One thing might resonate with you about balance is to follow these steps: clear your mind, find a focal point in the room and breathe.
Clearing the mind is always the hardest part. Standing still without the accompaniment of wandering thoughts can feel like an impossible feat.
However, when the mind takes off on a train to a destination of distractions, you lose the connection to the body. When you lose that connection, you are more likely to ignore the simple adjustments, movements, or shifts that your body is subtly making to throw you off balance, causing you to fall out of the pose.
This principle applies in our lives as well. When our minds are too cluttered to pay attention to the intricacies of the present moment, we lose our ability to stay tuned in-- to notice what is throwing us off balance and disrupting our equilibrium.
Too much of anything isn't good for the soul (work, play, exercise, TV time, food, the list goes on). Life is a balancing act. When it tips too far in one direction, we need to be aware and bring it back by readjusting, inserting, or removing whatever threw us off in the first place.
However, it is difficult to know and understand what adjustments need to be made if we aren't paying attention, if our awareness and our senses are overwhelmed with yesterday's events or tomorrow's to do lists.
So on our mat we practice balance.
Here are three balance poses to integrate into your practice as you work on clearing your mind, focusing on your dristi (gaze) and breathing.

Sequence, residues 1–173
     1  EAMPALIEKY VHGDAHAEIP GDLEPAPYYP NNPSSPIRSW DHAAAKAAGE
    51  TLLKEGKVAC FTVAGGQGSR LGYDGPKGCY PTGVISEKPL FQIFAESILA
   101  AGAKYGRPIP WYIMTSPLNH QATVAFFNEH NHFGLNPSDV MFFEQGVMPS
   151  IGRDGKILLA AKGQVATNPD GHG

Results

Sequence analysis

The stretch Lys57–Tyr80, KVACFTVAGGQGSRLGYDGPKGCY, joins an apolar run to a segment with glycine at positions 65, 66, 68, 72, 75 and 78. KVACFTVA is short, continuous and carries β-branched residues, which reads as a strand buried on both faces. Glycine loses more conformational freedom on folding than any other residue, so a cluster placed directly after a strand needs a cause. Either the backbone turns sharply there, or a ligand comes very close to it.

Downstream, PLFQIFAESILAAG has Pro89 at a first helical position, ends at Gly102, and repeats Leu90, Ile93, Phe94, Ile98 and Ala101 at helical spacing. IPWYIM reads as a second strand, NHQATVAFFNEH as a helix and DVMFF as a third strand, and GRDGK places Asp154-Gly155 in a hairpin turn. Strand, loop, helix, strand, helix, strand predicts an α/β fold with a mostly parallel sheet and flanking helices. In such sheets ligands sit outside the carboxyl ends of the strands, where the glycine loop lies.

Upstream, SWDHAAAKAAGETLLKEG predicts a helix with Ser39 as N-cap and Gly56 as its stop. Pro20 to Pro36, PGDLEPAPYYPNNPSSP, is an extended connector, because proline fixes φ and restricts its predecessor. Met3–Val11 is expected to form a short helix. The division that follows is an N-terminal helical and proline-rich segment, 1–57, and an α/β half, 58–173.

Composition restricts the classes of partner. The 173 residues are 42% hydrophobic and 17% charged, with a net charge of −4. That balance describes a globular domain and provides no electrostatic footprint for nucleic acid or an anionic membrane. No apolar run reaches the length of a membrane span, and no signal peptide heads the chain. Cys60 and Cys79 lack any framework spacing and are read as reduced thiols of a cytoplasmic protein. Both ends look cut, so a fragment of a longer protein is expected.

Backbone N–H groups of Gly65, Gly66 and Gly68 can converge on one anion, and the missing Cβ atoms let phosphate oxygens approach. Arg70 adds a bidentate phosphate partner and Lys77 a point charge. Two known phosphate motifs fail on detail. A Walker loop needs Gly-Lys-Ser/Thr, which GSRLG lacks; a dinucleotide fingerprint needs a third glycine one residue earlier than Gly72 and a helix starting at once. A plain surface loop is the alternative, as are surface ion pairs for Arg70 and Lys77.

1. Tree Pose
From a comfortable and grounded standing position, rotate the right foot to the side and rest the heel of the foot on your left ankle. You can stay here to begin the practice of balance. If you would like more of a challenge, bring the sole of your right foot to your left calf. Finally, if you want the most challenging variation of the pose, you can bring the right sole of the foot to the left thigh, ensuring it is resting above the knee cap. Once you find the spot most comfortable to you, you have the option of bringing your hands into prayer, reaching them above your head, or out to the side in a 'T.' You can then repeat on the other side.
2. Balancing Table
Coming to all fours on your mat, move into a table top position—ensuring your shoulders are directly above your wrists and hips are directly above your knees. Once you find this comfortable, begin my lifting your back right leg up behind you, forming a straight line from torso to right foot. Flex the right foot and feel free to remain here. If you want more of a challenge, engage your core and lift your left arm up in front of you to challenge your balance further. This often seems less challenging than it is, and it requires many muscle groups to balance effectively. Once you have finished on one side, repeat on the other side.
3. Warrior III
Warrior III is a more advanced balancing pose (for a les advanced version, follow the steps with a chair in front of you for support to assist with balance), but might be the one your body needs to truly put your balance to the test. You can access this pose most comfortably from a warrior I pose. From warrior I, rotate your back foot toward the front of the mat and walk it in a little closer to your front leg. From here, hinge at the hips, allowing the back foot to gently lift off of the mat as you find your balance. Ideally, you want your hips squared off and facing forward and your body in a straight line from your torso to your lifted back toes. Again, you can use whatever arm variation feels most comfortable to you. Then, you can repeat on the other side.
As you grow in your practice, think about balancing poses. Think about how difficult it is for you to clear your mind and just be present. How might practicing balancing poses be helpful on and off the mat? Give thought to the areas of your life that need more balance and how this practice can serve you in clearing your mind enough to notice.